Just for starters, you might want to read some of Shioda's stuff on kokyu power and the way he attempts to break it down in his books (I feel pretty sure that Shioda had a more sophisticated understanding than is shown in the simplified writing in his books).
Also, this is pretty good, although it's so general I can't tell if the author understood much:
Here's part of an interview with Kenji Ushiro that I recommend you go to Aikido Journal to read: This "breathing," or kokyu, is not so much the kind of breathing that involves respiration by bringing air in and out through your nose and mouth; it's more the kind you do with your body as a whole. If you can cultivate that kind of kokyu, then energy (ki) begins to flow through your body and that flow of energy helps you develop abdominal and back strength. (Because this strength is created through the breath I refer to these as abdominal and back "power" instead of abdominal and back "strength.") This process leads to a kind of "zero power," that you can use, say, to neutralize the power of an incoming punch by just making light contact with it. Even if your opponent comes in with a strong, sharp attack, you simply absorb that energy. And if you absorb it with more energy than he is coming in with, he is suddenly and momentarily deprived of his breath, which immobilizes him there for a moment.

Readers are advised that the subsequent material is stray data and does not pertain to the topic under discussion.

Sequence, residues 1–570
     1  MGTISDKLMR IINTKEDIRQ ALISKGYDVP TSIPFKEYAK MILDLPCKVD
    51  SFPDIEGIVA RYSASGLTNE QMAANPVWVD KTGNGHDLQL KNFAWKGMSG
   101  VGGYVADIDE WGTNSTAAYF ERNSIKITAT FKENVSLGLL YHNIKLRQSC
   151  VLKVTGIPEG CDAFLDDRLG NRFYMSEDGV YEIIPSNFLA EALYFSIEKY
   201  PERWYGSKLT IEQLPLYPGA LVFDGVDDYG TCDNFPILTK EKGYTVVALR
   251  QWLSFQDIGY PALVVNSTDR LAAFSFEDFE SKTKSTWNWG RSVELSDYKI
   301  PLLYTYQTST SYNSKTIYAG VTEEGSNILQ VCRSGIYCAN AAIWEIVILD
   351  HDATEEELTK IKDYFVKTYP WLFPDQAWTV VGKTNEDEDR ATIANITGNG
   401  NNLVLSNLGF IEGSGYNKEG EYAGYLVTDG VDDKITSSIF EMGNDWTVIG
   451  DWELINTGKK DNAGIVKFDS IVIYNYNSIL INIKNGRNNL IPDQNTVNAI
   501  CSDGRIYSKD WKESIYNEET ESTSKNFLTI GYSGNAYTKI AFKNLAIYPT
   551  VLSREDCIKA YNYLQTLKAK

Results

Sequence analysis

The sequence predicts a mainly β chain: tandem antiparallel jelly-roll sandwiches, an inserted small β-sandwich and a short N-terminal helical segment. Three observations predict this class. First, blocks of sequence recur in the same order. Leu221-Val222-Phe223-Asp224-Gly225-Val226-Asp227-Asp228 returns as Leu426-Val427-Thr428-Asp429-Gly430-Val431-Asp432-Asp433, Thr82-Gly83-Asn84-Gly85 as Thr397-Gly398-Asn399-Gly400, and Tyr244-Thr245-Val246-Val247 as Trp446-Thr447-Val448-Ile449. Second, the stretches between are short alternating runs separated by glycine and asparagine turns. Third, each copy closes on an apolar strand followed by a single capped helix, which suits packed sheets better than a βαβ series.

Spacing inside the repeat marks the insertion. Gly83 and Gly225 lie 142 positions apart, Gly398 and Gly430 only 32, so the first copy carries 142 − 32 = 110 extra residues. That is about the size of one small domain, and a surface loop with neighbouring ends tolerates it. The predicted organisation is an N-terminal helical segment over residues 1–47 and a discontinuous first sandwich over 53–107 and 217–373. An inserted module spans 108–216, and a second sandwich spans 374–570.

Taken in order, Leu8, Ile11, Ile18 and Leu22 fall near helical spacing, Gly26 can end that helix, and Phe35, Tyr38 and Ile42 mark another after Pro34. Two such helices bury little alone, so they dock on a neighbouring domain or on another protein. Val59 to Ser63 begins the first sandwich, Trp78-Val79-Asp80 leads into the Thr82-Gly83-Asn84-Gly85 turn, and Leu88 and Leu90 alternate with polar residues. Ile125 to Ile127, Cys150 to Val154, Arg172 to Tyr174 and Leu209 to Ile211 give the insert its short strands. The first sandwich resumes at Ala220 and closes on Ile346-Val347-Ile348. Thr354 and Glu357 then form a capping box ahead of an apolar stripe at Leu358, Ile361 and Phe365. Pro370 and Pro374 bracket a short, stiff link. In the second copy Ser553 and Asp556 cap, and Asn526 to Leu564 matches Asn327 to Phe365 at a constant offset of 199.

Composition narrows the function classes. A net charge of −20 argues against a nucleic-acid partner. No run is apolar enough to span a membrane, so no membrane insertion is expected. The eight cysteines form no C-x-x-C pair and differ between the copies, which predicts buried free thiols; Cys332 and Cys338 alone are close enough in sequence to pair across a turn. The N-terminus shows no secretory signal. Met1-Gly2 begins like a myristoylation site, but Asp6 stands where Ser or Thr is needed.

Striking using this kind of kokyu is also very different than striking that relies on the power of strength. A strike done with kokyu extends more than one done with muscle power, and it also doesn't incite any particular urge to block it in the opponent.
In Shindo-ryu karate we use kata to cultivate this kind of kokyu.
Moving from reliance on muscle strength into the realm of kokyu is an incredible turnaround, a wholesale change of method and effect. You could say that this is a kind of energy or potential inherent in traditional kata.